back to Erica's homepage

math study skills & strategies

*It is your responsibility to figure out what you understand and what you don't understand, and to ask for help when you need it.*

In class:

- Attend class every day. This is the single action that is most predictive of success!!!
- Before class, read over the material that will be covered that day.
- Take complete notes while in class.
- Ask questions in class. Here are some example questions:
- I didn't get that third step. Could you explain it more slowly?
- What does it mean for this function to be _____?
- How is this problem similar to _____?
- Would this strategy work in other situations? What if _____?

- Visit the instructor's office hours (or make an appointment) to ask questions.
- Make sure you understand each step of each example done in class.

On homework:

- Before starting the homework, review the text and your notes.
- As you work problems, identify what strategies you use and how to match each problem with a strategy.
- If you get stuck, look through your notes and text for a similar problem.
- If you're really really stuck, go on to the next problem.
- Once you have attempted all of the problems, make a note of where you had questions or got stuck.
- Discuss your questions with a friend, classmate, or the instructor.
- Be sure to write up all solutions in your own words.

Test preparation:

- Good study habits throughout the semester make it easier to study for tests. Do the homework when it is assigned and ask your instructor questions as they arise.
- Start by going over each section and reviewing your notes.
- Check that you can still do the homework problems (actually work the problems again!).
- Use the examples in the text and notes - cover up the solutions and work the problems yourself, then check your work.
- Take turns with a classmate explaining the strategy of solving each type of problem.
*It's important to keep working problems the whole time you're studying.*

- Ask questions in class.
- Visit the instructor's office hours.
- Ask friends, members of your study group, or anyone else who can help. The classmate who explains something to you learns just as much as you do, for he/she must think carefully about how to explain the particular concept or solution in a clear way, so don't be reluctant to ask a classmate.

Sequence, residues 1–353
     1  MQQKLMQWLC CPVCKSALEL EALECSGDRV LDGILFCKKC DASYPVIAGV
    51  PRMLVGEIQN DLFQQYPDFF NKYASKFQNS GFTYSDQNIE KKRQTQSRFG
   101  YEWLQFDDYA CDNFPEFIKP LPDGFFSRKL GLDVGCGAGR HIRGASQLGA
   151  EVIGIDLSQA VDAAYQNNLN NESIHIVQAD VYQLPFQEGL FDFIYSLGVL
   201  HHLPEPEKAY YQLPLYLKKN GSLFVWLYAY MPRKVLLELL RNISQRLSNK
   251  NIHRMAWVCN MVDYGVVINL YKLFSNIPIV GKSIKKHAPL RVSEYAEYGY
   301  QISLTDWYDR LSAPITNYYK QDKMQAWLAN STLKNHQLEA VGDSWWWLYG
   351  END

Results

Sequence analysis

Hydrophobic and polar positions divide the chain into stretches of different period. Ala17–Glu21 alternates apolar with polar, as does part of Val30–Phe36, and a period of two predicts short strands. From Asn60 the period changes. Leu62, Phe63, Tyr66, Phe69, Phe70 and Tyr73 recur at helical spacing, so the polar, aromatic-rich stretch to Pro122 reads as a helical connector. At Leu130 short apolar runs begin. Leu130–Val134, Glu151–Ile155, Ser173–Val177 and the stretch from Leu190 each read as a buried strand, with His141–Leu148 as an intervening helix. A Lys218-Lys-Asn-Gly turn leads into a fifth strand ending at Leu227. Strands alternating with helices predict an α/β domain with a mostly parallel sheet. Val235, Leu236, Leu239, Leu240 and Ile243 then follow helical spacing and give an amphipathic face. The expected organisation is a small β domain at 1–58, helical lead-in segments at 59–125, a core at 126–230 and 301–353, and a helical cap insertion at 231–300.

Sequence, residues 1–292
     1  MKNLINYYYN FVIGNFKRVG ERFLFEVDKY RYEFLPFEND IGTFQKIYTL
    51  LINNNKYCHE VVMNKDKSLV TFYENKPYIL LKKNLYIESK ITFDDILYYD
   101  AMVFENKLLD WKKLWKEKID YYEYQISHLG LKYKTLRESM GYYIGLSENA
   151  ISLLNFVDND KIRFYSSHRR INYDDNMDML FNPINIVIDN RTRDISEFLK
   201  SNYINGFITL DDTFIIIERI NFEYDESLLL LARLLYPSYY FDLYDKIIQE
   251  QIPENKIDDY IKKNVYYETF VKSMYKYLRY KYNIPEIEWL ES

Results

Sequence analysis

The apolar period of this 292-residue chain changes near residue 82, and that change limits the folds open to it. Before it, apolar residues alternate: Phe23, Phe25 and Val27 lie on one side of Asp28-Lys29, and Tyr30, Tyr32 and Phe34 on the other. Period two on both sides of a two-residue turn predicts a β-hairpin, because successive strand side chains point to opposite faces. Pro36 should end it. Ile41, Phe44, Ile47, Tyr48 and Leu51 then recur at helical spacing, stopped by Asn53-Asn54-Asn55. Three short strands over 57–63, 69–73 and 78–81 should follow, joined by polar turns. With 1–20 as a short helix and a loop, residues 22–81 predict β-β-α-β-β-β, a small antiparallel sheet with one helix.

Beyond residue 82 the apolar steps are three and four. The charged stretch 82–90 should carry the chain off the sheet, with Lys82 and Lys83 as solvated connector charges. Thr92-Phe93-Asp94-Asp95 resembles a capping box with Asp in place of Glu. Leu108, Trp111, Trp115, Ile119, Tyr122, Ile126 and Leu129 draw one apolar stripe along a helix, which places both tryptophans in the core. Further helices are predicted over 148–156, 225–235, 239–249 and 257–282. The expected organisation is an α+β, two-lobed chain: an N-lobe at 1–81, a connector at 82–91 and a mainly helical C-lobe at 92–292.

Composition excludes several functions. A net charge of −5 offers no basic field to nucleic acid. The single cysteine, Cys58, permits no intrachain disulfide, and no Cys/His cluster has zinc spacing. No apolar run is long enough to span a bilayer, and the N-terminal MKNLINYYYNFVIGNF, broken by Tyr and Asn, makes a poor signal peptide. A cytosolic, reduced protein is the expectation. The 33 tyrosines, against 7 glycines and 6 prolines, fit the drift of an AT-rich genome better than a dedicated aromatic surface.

- Go to the Undergraduate Mathematics Resource Center (UMRC or "Help Lab").
- Find a private tutor if you can't get enough help from other sources:
- Here's a list of graduate students that tutor math.
- If you live in the CU dorms, you might be able to get a free tutor through your residence.
- The SASC provides resources for finding a tutor and can also help you get need-based financial assistance to pay for a tutor.

All students need help at some point, so be sure to get the help you need. When you go to office hours, your study group or a tutor, have a specific list of questions prepared in advance. You should run the session as much as possible.

- Math is learned by thinking about and doing problems. You must do the homework. The problems help you learn the formulas and techniques you do need to know, as well as improve your problem-solving skills.
- Each class builds on the previous ones, all semester long. You must keep up with the instructor: attend class, read the text and do homework every day. Falling a day behind puts you at a disadvantage. Falling a week behind puts you in deep trouble.
- Each class builds on the previous ones, all semester long. You're always reviewing previous material as you do new material. Many of the ideas hang together. Identifying and learning the key concepts means you don't have to memorize as much.

A college math class meets less often and covers material at a much faster pace than a high school class. You are expected to absorb new material much more quickly. Tests are probably spaced farther apart and so cover more material than before. Your homework problems may not all be corrected.

- Take responsibility for keeping up with the homework. Make sure you find out how to do it.
- You probably need to spend more time studying per week - you do more of the learning outside of class than in high school.
- Tests may seem harder just because they cover more material.